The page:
The topic of "too many lawyers" is both timely and timeless. The future make up and performance of the legal profession is in contest, challenged by new entrants, technology and the demand for transparency; at the same time, lawyers long have participated in contests over professional boundaries. In this book, we take up several fundamental questions about the question of whether there are "too many lawyers". What do we mean by "too many"? Is there a surplus of lawyers? What sort of lawyers are and will be needed? How best can we discern this? These questions and more are addressed here in scholarly articles presented at the Onati International Institute for the Sociology of Law (Spain) by some of the best researchers in the field. The collection, witha chapter by Prof. Richard L. Abel, addresses methodological, normative and policy questions regarding the number of lawyers in particular countries and worldwide, while connecting this phenomenon to political, social, economic, historical, cultural and comparative contexts. This book was previously published as a special issue of the International Journal of the Legal Profession.
Table of Contents
Introduction: Too many lawyers?
Eyal Katvan, Carole Silver & Neta Ziv
1. What does and should influence the number of lawyers?
Richard L. Abel
2. Too many lawyers? Or should lawyers be doing other things?
Carrie Joan Menkel-Meadow
3. Unauthorized practice of law and the production of lawyers
4. The flood of US lawyers: natural fluctuation or professional climate change?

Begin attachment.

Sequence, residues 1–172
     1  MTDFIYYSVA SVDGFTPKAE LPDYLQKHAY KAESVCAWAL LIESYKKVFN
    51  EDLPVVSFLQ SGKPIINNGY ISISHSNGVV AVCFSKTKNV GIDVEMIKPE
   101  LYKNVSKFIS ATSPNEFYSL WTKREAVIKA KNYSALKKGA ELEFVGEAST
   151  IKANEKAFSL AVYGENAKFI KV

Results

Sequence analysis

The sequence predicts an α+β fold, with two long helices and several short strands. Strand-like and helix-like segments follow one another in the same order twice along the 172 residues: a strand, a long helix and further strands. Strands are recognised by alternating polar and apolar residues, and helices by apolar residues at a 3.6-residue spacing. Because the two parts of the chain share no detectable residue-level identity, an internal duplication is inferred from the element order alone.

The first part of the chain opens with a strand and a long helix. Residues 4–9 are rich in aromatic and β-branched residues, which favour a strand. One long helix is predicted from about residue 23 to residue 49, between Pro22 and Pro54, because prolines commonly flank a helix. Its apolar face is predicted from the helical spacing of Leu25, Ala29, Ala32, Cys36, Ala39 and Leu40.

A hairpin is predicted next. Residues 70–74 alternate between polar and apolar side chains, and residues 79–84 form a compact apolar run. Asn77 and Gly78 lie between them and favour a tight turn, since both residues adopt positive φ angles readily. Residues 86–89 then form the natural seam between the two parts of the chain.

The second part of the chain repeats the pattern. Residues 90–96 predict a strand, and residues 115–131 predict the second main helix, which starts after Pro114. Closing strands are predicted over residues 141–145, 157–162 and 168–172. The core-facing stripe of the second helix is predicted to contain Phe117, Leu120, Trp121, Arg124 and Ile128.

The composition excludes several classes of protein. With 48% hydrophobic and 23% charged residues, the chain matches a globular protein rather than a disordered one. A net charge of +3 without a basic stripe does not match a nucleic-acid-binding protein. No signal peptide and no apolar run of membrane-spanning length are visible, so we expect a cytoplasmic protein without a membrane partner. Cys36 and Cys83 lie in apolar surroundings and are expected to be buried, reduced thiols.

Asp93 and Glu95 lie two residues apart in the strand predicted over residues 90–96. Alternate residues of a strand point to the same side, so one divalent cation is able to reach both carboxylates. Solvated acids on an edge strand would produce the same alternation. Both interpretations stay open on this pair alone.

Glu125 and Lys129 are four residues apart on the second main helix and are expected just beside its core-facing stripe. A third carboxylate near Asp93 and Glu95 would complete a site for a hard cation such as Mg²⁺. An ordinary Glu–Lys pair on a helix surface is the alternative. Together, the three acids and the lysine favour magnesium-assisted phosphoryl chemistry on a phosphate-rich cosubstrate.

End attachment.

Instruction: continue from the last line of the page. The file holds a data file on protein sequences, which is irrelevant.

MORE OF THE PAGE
Bruce A. Green
5. It’s the law schools stupid! Explaining the continuing increase in the number of lawyers
Herbert M. Kritzer
6. Coping with the consequences of ‘too many lawyers’: securing the place of international graduate law students
7. Effects of the acceleration in the number of lawyers in Israel
8. The new knowledge economy and the transformation of the law discipline
9. Is access to the profession access to justice? Lessons from Canada
Avner Levin & Asher Alkoby
10. The ‘overcrowding the profession’ argument and the professional melting pot
11. Setting the limits: who controls the size of the legal profession in Japan?
12. Legal education in Spain: challenges and risks in devising access to the legal professions
Laura Carballo Piñeiro
13. The virtue of low barriers to becoming a lawyer: promoting liberal and democratic values
Russell G. Pearce & Sinna Nasseri
14. ‘I love my American job’: professional prestige in the Indian outsourcing industry and global consequences of an expanding legal profession
Eyal Katvan Senior Lecturer at the Faculty of Law, College of Law & Business, Ramat-Gan, Israel. Specializes in the fields of bioethics, law & medicine; The Legal and Medical Professions; legal history and the history of medicine.
Carole Silver Professor of Global Law & Practice, Northwestern Pritzker School of Law in Chicago, Illinois (USA). Research in globalization and the legal profession, legal education, regulation of the legal profession.
Neta Ziv Professor at the Buchman Faculty of Law, Tel Aviv University. Teaches Professional Responsibility, Legal Ethics, Law and Poverty and Disability Rights. Her book "Who Will Guard the Guardians of Law? Lawyers in Israel between the State market and Civil Society" (2015) describes the Israeli legal profession from a historical, critical perspective.
Avrom Sherr is Emeritus Professor and Director at the Institute of Advanced Legal Studies, University of London, UK. His research focuses on legal education, the legal profession, access to justice, ethics and conduct of professions, and professional competence.